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Shri Kalaa Mandir affirms Bharatanatyam's storytelling prowess
- Ganga L. Srinivas
Photos: Jeff Norman

April 8, 2022

Artistic director Sujatha Srinivasan and her troupe Shri Kalaa Mandir presented 'Vivarta / Transformations' as one half of the 'Worlds Allied' program at Cuyahoga Community College in Cleveland, Ohio on March 25th that played to a satisfyingly full auditorium, especially in these times. Vivarta goes from the Big Bang to the climate perturbations we are living through, in a choreography that never had a dull moment. The second half of the program was 'FEAST: a ballet' that merged visual art and dance to more narrowly explore the colonial exploitation and the culture of consumption.

Can Bharatanatyam speak to the modern audience without losing its identity? This production answers with an emphatic 'yes'. There was no compromise in the technique or the music.

Vivarta / Transformations

It is easy to feel dissociated from the consumption that has driven the overuse of resources. We speak in passive voice and in the third person, and the conversation either devolves into someone else's problem, or feels too big to be handled by each of us. Sujatha's choreography will have none of that. Bharatanatyam is designed to pull in the audience to savour, and at its highest, the audience should become one with the artiste and the story. Sujatha's choreography used the full vocabulary to draw us into the wonder of the creation of heavenly bodies and evolution as fish emerge from churning waters and forests teem with birds and deer and elephants. We rejoice with farmers enjoying bountiful harvest. And then are too enmeshed to distance ourselves when the same dancers move the story forward to greater and greater wants that culminate in relentless exploitation. By using dance phrases that for generations have conveyed the despair of Draupadi and the wrath of Kali with immediacy, Sujatha as Mother Earth makes us feel the destruction of Earth at the same time we identify with the despoiler. The result is hair-raising cognitive dissonance.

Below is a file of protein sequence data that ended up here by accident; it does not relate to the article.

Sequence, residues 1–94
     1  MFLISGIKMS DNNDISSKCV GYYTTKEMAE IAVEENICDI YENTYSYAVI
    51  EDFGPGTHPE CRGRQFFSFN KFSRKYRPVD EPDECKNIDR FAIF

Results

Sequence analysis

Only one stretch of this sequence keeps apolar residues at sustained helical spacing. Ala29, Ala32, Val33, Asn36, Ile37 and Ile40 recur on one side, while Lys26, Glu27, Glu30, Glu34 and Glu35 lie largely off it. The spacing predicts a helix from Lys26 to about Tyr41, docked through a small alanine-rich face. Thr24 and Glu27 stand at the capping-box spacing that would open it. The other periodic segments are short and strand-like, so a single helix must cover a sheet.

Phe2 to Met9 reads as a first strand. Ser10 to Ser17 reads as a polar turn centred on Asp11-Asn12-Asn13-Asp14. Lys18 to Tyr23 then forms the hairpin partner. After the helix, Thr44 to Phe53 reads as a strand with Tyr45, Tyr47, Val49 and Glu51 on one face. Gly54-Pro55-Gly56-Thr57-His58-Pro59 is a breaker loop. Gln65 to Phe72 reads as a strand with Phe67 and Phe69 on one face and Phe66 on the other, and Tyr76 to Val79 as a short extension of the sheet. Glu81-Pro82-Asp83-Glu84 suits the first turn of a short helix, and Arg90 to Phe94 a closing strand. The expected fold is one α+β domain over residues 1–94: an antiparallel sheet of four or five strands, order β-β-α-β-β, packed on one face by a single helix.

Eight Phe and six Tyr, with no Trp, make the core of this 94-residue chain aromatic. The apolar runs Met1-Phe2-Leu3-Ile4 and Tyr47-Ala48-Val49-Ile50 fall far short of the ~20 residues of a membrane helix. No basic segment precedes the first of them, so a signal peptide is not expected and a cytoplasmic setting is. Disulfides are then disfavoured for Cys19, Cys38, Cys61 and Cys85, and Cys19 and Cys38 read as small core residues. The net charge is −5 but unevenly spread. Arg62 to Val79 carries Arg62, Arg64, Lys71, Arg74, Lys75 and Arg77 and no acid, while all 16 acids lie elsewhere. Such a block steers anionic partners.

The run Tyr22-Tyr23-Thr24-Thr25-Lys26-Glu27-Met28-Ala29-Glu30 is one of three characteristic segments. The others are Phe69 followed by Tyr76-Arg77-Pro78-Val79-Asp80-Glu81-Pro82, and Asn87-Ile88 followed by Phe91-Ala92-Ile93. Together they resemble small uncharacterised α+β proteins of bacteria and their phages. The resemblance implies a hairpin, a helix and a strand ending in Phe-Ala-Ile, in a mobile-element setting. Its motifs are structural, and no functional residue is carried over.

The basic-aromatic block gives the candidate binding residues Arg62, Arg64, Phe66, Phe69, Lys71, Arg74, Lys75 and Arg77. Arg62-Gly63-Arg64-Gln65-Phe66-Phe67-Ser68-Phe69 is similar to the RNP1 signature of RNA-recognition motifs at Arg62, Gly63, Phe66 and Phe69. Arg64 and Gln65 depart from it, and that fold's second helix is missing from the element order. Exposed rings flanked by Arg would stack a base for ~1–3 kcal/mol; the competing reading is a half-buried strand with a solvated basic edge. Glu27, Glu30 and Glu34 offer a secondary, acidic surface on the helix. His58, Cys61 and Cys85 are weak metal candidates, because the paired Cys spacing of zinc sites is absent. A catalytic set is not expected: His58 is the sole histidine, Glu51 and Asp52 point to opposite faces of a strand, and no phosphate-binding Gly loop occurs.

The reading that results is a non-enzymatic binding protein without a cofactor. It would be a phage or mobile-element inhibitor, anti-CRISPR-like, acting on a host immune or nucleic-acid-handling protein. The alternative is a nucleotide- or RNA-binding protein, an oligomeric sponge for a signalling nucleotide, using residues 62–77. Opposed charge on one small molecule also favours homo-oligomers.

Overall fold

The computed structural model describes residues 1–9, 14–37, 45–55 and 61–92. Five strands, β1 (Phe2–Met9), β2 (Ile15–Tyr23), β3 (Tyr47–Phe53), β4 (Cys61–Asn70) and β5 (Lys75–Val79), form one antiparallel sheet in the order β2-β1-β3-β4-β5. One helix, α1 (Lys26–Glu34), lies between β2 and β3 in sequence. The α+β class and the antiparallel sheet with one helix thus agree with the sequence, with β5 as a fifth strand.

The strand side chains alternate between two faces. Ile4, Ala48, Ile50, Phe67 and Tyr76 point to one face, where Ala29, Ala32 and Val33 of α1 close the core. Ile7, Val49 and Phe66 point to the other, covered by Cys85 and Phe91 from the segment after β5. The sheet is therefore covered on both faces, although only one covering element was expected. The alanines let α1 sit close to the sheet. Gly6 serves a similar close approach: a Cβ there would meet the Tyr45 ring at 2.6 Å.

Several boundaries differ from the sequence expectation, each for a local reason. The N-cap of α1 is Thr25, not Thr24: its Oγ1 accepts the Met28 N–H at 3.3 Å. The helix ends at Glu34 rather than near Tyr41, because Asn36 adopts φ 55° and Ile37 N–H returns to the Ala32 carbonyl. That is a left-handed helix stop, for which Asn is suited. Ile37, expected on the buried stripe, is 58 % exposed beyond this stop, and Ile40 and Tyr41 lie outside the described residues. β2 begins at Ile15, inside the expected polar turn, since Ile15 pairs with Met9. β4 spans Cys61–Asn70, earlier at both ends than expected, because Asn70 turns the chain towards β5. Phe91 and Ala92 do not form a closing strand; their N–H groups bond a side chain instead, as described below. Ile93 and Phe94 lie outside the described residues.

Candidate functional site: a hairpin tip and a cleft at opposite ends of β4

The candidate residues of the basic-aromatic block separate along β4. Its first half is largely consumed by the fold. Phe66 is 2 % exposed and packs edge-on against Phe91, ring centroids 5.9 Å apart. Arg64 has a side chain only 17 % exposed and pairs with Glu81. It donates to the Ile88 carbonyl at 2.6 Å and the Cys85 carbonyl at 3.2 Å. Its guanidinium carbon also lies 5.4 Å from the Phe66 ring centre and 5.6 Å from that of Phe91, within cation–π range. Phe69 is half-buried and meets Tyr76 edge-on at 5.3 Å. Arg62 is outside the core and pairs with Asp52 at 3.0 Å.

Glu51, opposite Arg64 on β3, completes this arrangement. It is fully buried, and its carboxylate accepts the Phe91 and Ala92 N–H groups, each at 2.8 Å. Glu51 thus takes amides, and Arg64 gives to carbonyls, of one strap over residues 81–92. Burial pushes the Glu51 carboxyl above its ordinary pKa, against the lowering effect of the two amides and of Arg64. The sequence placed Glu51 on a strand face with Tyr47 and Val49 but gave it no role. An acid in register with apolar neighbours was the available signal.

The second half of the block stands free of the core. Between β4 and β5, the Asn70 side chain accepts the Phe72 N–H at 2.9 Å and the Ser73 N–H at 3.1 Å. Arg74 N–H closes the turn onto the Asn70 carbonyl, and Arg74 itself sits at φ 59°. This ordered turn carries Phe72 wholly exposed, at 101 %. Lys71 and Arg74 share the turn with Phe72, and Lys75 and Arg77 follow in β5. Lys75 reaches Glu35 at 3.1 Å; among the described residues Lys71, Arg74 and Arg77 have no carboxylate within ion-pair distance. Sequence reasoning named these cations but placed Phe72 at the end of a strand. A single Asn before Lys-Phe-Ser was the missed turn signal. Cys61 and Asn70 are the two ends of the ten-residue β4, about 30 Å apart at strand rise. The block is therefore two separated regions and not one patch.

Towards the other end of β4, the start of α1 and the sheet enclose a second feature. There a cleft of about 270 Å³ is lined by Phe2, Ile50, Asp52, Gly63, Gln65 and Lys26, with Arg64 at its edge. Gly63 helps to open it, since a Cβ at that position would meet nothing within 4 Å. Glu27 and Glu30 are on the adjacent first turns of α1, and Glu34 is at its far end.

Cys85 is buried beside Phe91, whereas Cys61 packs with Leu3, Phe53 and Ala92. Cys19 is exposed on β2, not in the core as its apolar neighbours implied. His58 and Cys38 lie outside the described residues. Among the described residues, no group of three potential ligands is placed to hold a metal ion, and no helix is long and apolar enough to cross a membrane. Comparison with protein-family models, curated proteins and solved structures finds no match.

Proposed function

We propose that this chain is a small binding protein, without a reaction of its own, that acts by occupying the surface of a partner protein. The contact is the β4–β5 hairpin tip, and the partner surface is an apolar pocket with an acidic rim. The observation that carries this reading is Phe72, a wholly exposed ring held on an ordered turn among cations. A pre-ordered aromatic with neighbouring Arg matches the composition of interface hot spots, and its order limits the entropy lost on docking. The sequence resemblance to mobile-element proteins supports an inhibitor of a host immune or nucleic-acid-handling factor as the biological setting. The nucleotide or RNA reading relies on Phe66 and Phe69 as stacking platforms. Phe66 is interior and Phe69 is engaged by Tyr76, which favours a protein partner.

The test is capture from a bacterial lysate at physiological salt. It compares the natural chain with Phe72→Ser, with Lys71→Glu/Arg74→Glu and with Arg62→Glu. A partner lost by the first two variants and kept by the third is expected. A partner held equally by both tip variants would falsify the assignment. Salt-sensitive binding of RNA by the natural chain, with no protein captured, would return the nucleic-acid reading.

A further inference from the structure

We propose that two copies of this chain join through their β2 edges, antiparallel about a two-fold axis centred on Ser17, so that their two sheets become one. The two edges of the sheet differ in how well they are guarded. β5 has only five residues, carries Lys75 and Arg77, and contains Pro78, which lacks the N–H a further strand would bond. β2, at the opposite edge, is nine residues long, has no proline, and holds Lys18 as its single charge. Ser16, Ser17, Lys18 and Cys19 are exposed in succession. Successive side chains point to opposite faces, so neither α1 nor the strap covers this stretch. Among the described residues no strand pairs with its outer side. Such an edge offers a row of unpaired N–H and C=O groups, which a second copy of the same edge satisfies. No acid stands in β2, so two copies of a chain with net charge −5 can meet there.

Sujatha Srinivasan
Sujatha Srinivasan

Guru Sujatha has taken Bharatanatyam's most often used devices to create a fresh, mesmerizing, powerful narrative to tell this very contemporary story of the consequence of heedless human manipulations of the environment.The depictions are powerful, and unsettling, reminding us that we are complicit, and that those terrible rampaging figures represents each one of us in the audience.

Music by the eminent violinists Lalgudi GJR Krishnan and Lalgudi GJR Vijayalakshmi and backed by what sounds like a full orchestra of Indian instruments, was an excellent complement. Assistant choreographer Shriya Srinivasan's narration between scenes carried the audience forward in the narrative without condescension.

Did I mention that the troupe did not lose an ounce of their tradition? Shri Kalaa Mandir's senior dancers are a tribute to the Vazhuvoor tradition of their Guru. The talented cast of Shriya Srinivasan, Nithya Kasibhatla, Sita Vakkalanka, Janaki Nair, Pooja Vallampati, Sudhiksha Ramesh, Sneha Upadhyayula, Yuvha Karthikeyan and Sristi Ithychanda brought the music alive, and their abhinayam was beguiling. All the dancers, junior and senior, had really crisp synchronous footwork, and one could see in the younger dancers the foundations that would mature into the expertise we saw in their seniors. The harmony is remarkable in that the young ladies who are senior dancers are also accomplished scientists, each living in a different state.

Vivarta / Transformations

One final note - It was a delight to see the conveniences of the modern stage put to good use. The sound was great, and the production made excellent use of lighting to really frame the pieces and the mood. This element of modernism only serves to polish Bharatanatyam's beauty when used as a complement to virtuosity instead of as a gimmick or a crutch for mediocrity.

Ganga Lakshmi Srinivas
Ganga Lakshmi Srinivas is a practicing pediatrician living in the Greater Cleveland area in Ohio with an abiding interest in the Indian performing arts from growing up in a family that reveres music.

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